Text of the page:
AARON DAVID MILLER, CNN GLOBAL AFFAIRS ANALYST: It's huge. I've watched the Saudis for four years and both with respect to what Mohammad bin Salman, alias MBS, is doing inside the kingdom, and his risk readiness outside in Lebanon, against Qatar and Iran and Yemen, is virtually unprecedented. Middle Eastern leaders simply don't behave this way. They look in the rear-view mirror, instead of looking forward. And there are few examples, where Saddam Hussein invades Kuwait. But these are idiosyncratic. The Middle East is usually colored, Wolf, as you know, in gray, not black and white. Here you got a guy of 30-something, made a bid for absolute power, a kind of new supreme leader in Saudi Arabia. And there's a cost perhaps. And I think we may feel it as well. But by and large, this is one of the most intriguing stories in a region that doesn't produce stuff that's new very often. This is new.

[13:40:10] BLITZER: And the rhetoric between the Saudis and the Iranians clearly heating up as this story unfolds. The Saudis basically accusing the Iranians of engaging in acts of war against Saudi Arabia, blaming them for a missile launch at the Riyadh International Airport in recent days, and now accusing the Saudis of telling the Lebanese prime minister he has to resign because his Hezbollah ally of the Iranians is part of the government in Lebanon. This could explode the situation unless it's controlled quickly.

MILLER: I mean, that's certainly the case, Wolf. The Saudis have three main foreign policy priorities, Iran, Iran and Iran. And they're watching Iranian influence gain capital in four Arab capitals, in Beirut, Damascus, Baghdad, and in their own backyard. Now a lot I suspect is hyped up for American consumption because it dovetails with the president who wants to contain, if not roll back Iranian influence in the region. I think MBS, his great foreign policy achievement has been to cast a spell over Donald Trump. You saw in the tweet today that the president saying he has confidence in the young prince because he knows precisely what he's doing, that's highly arguable statement -- Wolf?

BLITZER: He's 32 years old, the crown prince of Saudi Arabia right now. The amazing thing, the billionaire prince, al Waleed bin Talal, who is often seen as the richest man over there, is now arrested with others at the Ritz-Carlton Hotel in Riyadh. We're showing viewers some video of that. You know, he's been someone who is certainly well known to Americans. He's invested in some of the biggest companies here in the United States. Often likened to the Warren Buffett of Saudi Arabia. What do you make of that?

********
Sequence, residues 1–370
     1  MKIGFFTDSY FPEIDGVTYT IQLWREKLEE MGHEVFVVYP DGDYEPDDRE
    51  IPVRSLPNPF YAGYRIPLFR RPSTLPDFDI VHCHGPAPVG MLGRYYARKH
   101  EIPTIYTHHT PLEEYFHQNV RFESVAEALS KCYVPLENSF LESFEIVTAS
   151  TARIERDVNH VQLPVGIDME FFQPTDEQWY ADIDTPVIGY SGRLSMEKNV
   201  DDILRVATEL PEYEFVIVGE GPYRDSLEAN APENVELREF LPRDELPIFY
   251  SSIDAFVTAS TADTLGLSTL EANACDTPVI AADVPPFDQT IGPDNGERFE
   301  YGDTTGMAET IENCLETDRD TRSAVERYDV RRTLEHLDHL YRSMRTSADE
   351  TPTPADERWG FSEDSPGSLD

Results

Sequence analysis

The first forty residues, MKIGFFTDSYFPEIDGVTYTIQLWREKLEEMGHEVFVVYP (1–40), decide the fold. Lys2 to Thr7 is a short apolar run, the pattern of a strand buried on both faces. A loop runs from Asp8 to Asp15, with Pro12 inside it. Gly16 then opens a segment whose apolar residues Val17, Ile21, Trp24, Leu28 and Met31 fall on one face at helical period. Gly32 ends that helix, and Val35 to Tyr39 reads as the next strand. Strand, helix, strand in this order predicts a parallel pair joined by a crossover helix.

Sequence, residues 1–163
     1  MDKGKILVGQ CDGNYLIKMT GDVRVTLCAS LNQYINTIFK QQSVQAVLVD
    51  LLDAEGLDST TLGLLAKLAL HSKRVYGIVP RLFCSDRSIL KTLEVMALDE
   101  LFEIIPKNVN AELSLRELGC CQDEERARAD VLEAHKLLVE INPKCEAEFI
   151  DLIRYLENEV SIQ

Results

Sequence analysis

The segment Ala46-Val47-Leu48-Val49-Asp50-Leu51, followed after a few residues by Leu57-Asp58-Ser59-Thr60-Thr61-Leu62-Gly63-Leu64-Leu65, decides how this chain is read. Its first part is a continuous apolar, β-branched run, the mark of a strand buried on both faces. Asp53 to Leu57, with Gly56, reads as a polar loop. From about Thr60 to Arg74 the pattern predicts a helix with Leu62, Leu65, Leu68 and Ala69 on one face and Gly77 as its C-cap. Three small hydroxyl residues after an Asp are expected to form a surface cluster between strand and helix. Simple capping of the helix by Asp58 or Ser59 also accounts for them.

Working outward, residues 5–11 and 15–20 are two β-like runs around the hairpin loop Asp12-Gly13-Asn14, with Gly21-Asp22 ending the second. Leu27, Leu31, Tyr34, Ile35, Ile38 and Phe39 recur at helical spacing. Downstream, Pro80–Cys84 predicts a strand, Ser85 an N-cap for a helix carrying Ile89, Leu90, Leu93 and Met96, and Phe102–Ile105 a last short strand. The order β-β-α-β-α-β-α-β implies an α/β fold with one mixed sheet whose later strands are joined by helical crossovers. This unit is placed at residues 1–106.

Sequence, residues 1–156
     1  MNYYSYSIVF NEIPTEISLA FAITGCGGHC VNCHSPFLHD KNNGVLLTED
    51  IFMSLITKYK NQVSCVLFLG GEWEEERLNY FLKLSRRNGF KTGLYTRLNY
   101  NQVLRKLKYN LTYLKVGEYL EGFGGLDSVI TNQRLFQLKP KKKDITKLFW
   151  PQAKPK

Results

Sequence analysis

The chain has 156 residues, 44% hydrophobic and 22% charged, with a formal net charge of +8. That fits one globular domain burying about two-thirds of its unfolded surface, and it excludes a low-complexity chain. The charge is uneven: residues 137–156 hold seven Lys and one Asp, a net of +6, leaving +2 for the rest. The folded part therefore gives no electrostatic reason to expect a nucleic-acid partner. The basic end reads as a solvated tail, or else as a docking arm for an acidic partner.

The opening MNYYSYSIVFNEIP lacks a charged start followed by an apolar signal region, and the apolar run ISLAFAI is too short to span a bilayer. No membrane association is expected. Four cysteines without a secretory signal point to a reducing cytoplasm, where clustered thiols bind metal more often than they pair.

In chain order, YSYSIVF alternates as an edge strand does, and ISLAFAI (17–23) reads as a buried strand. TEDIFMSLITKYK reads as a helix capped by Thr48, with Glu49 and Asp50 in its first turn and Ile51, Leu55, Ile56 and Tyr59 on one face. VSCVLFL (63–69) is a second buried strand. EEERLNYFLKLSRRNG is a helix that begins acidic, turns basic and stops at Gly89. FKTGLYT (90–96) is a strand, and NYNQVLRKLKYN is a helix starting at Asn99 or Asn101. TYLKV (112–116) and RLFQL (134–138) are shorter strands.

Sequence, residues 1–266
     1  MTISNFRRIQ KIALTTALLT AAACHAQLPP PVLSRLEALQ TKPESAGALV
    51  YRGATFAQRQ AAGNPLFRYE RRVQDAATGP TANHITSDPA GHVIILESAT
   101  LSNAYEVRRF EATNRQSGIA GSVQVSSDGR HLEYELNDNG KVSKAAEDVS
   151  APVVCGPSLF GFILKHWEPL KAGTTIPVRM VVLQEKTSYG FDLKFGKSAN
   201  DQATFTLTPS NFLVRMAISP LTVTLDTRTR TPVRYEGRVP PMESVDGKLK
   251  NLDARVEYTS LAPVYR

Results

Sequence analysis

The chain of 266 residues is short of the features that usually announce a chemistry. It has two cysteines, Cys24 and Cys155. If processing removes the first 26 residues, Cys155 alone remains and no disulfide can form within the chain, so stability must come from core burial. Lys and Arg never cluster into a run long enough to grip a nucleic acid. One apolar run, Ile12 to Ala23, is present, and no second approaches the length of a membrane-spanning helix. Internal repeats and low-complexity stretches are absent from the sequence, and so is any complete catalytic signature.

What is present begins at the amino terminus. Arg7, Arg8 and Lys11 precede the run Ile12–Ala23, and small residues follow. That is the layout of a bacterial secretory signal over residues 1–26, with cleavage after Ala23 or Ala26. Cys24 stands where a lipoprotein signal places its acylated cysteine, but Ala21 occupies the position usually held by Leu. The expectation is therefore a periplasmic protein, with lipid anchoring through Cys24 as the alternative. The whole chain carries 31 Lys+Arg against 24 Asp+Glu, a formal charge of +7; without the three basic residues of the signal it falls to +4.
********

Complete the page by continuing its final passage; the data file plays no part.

MILLER: He's the poster child for a modern, globalized Saudi economy. You're right. He hobnobs with the great and the near great, the financiers, investment bankers and hedge funds. I wonder if arresting him is going to backfire? It will shake investor confidence. And even the king can decide which Saudi fat cat he wants to imprison in the Ritz-Carlton Hotel in Riyadh or not, it's not an attractive advertisement for further investment in the kingdom. I think Prince al Waleed bin Talal was too big and too independent for the wood-be king's liking, and he's trying to make an example of him. And he's certainly not the first and won't be the last of anybody who gets in the would-be king's way.

BLITZER: You saw the president tweeting that he's totally supporting what's going on in Saudi Arabia. We know Jared Kushner, his son-in- law, was just there meeting with the crown prince among others. There's a lot more going on. We're going to stay on top of this story.

Aaron Miller, thanks for joining us.

MILLER: Always a pleasure, Wolf.

BLITZER: More on the breaking news of the investigation of the church massacre in Texas. The sheriff telling CNN the gunman attended several church functions prior to the massacre. And we're also hearing another red flag involving a rape investigation of the killer. I'll speak live with the congressman representing that district.

(COMMERCIAL BREAK)

[13:48:11] ANNOUNCER: This is CNN breaking news.

BLITZER: There is more breaking news coming in to CNN, the investigation of that church massacre in Texas. Just in, we're learning the gunman escaped a mental health facility in June of 2012 months after being accused of abusing his ex-wife and stepchild. This according to new documents just obtained from the police department. We're told the officers were advised he was a danger to himself and others and already had been caught sneaking weapons on to a U.S. Air Force base.

Democratic Congressman Vicente Gonzales represents part of the county where the massacre took place. He joins us live from Capitol Hill.

Congressman, yet another red flag. But despite all of this, and we're learning a lot more horrendous details about this individual, he was able to legally purchase four weapons in the years that followed, two in the state of Texas, two in the state of Colorado. How does that happen?

REP. VICENTE GONZALES, (D), TEXAS: It's tragic, but obviously a lot of folks dropped the ball, from the military giving notice to our national criminal registry, and maybe this health institution that he was in. Also, there was no communication with other members of the community. I think, you know, my heart and prayers go out to the good people of Wilson County. But I think now we need to start having a very serious conversation in Washington and in legislatures across the country in getting to the bottom of what the issue is that keeps reoccurring in the United States of America at a much higher level, and it doesn't in other developed countries. I know we get together every time we have an incident like this, but it's not long before the conversation ends, and we move on with our lives. This time, we need to stay engaged and find ways to prevent this from being a continuous reoccurrence in the United States.